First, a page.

What we have learned about AISH
By VCC and the Disability Action Hall
Members of the disability community, including those in the social service sector, have expressed concern over perceived changes made to the Assured Income for the Severely Handicapped (AISH) program since the release of the first provincial budget in the fall of 2019. Vibrant Communities Calgary and the Disability Action Hall would like to unpack these changes to provide more clarity and understanding.
People on AISH have a permanent medical condition that prevents them from earning a living, and advocates have worked hard to ensure that benefit levels enable people in the program to meet their basic needs. Albertans are proud that AISH benefit levels now match the cost of basic needs, ensuring that no one with a disability has to live in poverty. Years of advocacy also paid off in November of 2018 when the provincial government tabled Bill 26 An Act to Combat Poverty and Fight for Albertans with Disabilities indexing all income support programs so benefit levels would keep pace with the cost of living. This recommendation was more than 20 years in the making going back to an MLA committee review of Alberta’s income support programs in 2001.
A change in government and the release of the 2019 budget presented significant funding challenges to several social service programs, including AISH. The fiscal plan stated that “AISH benefit rates continue to be much higher than other provinces, putting programs and services under significant pressure under the fiscal reality,” and put a pause on indexation of all income support programs, including AISH. The pause on indexation was not only disappointing, but worrisome that more changes may come. In 2020, there have been 10 updates to the AISH program; none of them have impacted eligibility and none should be a cause for concern, however in March 2020 when Bill 21 was introduced in the 2020 budget, it did cause some concern. Bill 21 repealed the AISH Act, and moved AISH away from legislation and into regulation, allowing the province to make changes to the AISH program with greater ease and more quickly. To-date no major changes have taken place to the AISH program, but this is something we will monitor.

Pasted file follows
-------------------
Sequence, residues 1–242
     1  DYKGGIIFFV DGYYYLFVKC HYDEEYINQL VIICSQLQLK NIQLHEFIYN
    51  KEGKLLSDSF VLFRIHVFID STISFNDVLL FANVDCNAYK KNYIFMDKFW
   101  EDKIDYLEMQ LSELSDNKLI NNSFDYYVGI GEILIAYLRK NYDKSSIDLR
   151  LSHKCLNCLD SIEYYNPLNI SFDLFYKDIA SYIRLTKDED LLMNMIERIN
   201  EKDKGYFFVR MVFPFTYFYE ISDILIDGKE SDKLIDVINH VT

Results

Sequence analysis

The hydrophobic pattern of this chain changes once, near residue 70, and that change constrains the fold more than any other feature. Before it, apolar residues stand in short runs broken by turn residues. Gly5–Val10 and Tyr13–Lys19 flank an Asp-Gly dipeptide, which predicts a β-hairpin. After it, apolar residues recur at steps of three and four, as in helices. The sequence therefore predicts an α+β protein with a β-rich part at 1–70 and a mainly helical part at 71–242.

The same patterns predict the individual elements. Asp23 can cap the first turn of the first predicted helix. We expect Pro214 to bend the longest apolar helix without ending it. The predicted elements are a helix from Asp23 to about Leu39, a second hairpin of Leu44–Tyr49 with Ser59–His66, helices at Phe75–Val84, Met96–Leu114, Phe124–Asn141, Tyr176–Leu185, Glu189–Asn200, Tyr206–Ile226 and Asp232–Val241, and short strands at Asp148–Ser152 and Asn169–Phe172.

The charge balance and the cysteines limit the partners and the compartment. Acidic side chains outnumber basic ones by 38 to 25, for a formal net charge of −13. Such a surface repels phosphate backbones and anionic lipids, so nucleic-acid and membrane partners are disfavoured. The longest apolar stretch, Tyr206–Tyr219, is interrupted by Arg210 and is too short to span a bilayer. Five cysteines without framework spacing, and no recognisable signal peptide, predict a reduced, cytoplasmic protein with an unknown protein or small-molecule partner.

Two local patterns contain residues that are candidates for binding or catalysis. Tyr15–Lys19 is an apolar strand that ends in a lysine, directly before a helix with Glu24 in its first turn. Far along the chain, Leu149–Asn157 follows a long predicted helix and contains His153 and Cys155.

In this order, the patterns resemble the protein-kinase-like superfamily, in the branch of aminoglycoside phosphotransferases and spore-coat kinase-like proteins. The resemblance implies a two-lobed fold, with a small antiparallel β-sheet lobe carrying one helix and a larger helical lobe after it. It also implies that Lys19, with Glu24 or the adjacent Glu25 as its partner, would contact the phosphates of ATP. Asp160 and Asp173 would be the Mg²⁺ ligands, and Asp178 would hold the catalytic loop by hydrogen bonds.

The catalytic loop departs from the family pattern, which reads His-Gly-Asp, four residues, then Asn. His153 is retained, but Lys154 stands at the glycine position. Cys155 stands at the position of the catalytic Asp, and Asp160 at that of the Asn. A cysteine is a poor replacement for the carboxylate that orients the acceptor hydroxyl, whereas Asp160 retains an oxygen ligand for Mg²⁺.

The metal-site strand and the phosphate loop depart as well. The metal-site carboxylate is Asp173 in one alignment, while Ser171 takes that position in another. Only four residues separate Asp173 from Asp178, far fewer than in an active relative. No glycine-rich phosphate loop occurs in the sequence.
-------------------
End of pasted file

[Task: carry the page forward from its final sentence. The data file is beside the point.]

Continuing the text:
Another change that has caused distress for those who did not have direct deposit occurred in May 2020. The government changed the payment date of income supports and AISH from the 5th last business day of the month to the first of the month. For those without direct deposit, this made paying bills on time difficult, especially since rent is typically due on the last day of the month and they needed the extra time between when the direct deposit is received and when they pay their bills. The previous AISH and income support payment schedule offered this buffer.
Unfortunately, some top-down decisions were made leading to assumptions that eligibility to the AISH program had been changed, and what we learned is that this is not the case. Please see our timeline of changes to AISH for visual clarity on what has occurred.
We discovered that the Government of Alberta does allow people to subscribe to AISH updates. Sign-up to receive email notifications here. We also encourage those who would like further clarity to contact the Calgary AISH office by calling 403-297-8511 or through email at email@example.com.
- Auditor General Report October 2016
- Open data AISH Guide May 2020
- Facebook Statement MAY 28, 2020 by CSS Minister Rajan Sawhney
- AISH adjudication guide
Share the timeline and references in the pdf here.